Background: Diabetic macular edema (DME) is resulted from the retinal microvascular
leakage that accompanies the breakdown of blood-retinal barrier. Triamcinolone acetonide (TA) is a
therapeutic agent for DME, but since the detailed mechanism of action of TA is not known, part of
its action was examined.
Methods: In vitro model to enhance the permeability of human retinal microvascular endothelial
cells (HRMECs) was constructed by using DME-related cytokines such as vascular endothelial
growth factor (VEGF), tumor necrosis factor-α (TNF-α), and interleukin-1β (IL-1β). The efficacy of
TA and anti-VEGF antibody against retinal permeability was evaluated. Furthermore, the localization
of ZO-1 in HRMECs was examined using immunofluorescence staining and the expression
level of tight junction proteins (ZO-1, Occludin, and Claudin-5) was examined using immunoblot.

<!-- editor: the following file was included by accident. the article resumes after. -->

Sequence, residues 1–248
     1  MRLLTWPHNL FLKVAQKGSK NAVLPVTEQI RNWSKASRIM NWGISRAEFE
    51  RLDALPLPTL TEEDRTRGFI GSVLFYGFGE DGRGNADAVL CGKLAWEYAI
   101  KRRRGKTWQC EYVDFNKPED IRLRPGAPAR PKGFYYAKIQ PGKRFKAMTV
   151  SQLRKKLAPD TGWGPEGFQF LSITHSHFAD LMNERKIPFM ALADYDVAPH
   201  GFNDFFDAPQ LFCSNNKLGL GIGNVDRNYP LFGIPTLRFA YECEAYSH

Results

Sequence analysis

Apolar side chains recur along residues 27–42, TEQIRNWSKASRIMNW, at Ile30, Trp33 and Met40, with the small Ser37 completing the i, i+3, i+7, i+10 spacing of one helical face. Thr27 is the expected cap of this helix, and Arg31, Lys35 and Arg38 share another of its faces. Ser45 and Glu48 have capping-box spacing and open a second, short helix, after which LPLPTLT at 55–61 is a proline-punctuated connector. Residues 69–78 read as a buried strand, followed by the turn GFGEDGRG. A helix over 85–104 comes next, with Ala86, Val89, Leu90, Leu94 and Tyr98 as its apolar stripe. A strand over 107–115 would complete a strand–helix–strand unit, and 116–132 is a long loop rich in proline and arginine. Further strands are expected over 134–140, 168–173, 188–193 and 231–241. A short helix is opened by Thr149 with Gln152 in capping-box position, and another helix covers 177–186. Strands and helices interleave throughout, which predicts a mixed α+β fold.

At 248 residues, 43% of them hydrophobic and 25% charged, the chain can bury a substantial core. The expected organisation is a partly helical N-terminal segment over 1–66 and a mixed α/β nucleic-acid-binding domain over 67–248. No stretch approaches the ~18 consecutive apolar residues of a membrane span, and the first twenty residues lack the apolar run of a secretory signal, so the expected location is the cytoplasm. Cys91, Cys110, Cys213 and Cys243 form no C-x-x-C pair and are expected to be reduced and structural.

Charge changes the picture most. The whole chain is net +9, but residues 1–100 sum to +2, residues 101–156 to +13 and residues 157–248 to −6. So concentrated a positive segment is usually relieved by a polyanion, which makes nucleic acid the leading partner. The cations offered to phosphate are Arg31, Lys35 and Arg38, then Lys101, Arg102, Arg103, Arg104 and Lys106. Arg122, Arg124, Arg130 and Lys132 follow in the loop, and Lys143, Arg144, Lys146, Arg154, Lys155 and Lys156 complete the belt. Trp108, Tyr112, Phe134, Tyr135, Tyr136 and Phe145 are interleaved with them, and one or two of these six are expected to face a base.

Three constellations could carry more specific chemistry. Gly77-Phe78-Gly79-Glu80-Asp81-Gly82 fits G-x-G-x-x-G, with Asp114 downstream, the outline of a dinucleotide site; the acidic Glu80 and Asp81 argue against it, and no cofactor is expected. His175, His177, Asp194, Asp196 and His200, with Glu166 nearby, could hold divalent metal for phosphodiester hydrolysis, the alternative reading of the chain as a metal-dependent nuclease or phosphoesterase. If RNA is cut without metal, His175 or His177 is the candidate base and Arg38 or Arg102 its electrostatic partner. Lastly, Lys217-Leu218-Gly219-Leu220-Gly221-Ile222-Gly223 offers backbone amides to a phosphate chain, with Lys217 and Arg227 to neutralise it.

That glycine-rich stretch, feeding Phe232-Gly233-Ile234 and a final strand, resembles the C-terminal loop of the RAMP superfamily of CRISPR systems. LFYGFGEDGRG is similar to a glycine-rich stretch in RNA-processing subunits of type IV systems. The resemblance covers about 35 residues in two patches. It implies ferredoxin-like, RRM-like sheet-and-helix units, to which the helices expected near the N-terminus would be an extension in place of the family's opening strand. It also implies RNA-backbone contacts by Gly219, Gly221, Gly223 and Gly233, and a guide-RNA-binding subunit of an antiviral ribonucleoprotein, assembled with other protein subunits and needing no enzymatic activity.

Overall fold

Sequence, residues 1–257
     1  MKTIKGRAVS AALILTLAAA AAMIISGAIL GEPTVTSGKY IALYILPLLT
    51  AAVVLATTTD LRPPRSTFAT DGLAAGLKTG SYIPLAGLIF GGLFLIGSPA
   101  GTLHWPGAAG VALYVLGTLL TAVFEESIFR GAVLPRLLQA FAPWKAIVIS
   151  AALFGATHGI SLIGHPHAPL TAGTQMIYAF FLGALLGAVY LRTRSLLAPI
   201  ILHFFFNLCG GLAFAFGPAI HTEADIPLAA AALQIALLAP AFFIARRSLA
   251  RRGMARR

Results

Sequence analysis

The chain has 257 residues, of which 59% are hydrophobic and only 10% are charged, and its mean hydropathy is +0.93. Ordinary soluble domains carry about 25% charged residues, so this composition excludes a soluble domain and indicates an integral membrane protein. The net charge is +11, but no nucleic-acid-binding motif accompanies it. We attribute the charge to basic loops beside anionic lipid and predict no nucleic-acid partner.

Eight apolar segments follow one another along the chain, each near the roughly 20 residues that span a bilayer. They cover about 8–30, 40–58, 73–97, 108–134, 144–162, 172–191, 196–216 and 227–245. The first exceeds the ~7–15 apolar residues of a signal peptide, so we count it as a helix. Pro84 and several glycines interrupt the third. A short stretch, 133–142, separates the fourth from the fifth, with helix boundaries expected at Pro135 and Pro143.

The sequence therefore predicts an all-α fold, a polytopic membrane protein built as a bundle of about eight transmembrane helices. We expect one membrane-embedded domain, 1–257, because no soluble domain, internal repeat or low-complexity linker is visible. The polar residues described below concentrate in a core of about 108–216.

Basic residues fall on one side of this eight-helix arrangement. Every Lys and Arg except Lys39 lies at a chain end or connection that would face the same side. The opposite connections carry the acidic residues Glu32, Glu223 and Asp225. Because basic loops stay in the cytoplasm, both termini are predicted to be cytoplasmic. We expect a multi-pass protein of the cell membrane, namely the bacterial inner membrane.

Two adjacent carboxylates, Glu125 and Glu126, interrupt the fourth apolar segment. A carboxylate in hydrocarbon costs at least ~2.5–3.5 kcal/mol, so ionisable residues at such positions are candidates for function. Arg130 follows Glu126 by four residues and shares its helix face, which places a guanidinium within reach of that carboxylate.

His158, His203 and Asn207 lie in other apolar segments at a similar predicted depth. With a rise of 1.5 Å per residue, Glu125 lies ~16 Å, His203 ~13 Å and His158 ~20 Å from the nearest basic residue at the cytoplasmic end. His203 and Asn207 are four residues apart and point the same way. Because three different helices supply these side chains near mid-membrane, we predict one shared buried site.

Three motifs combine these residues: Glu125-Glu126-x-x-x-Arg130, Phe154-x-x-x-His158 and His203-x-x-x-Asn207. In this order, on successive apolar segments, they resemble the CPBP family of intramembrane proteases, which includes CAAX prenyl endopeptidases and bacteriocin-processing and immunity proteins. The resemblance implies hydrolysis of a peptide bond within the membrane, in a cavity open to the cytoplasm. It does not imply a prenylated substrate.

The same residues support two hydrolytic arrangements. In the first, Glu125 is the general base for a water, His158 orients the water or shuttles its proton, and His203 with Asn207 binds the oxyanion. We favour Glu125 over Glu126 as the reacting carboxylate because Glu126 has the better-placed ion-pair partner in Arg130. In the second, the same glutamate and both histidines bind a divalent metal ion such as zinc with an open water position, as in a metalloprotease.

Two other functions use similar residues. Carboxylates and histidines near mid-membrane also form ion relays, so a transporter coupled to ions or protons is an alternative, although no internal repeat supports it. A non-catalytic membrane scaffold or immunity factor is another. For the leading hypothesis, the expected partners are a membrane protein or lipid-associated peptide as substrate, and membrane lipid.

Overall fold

Results: TA and anti-VEGF antibody showed inhibitory effects against VEGF-induced permeability
enhancement, and TA also inhibited the increase in permeability induced by TNF-α and IL-1β. In
addition to the inhibitory effects against cytokine-induced hyperpermeability, TA enhanced the
barrier function of HRMECs and reduced the vascular leakage. TA altered the localization of tight
junction proteins, but did not increase the upregulation of tight junction proteins. Moreover, the
enhancement of barrier function by TA was inhibited by 17-AAG (glucocorticoid receptor inhibitor).
Conclusion: It was suggested that TA reinforced the barrier function through the glucocorticoid
receptor. In this study, we found that TA suppressed the inflammation caused by VEGF, TNF-α and
IL-1β, and decreased the retinal vascular hyperpermeability.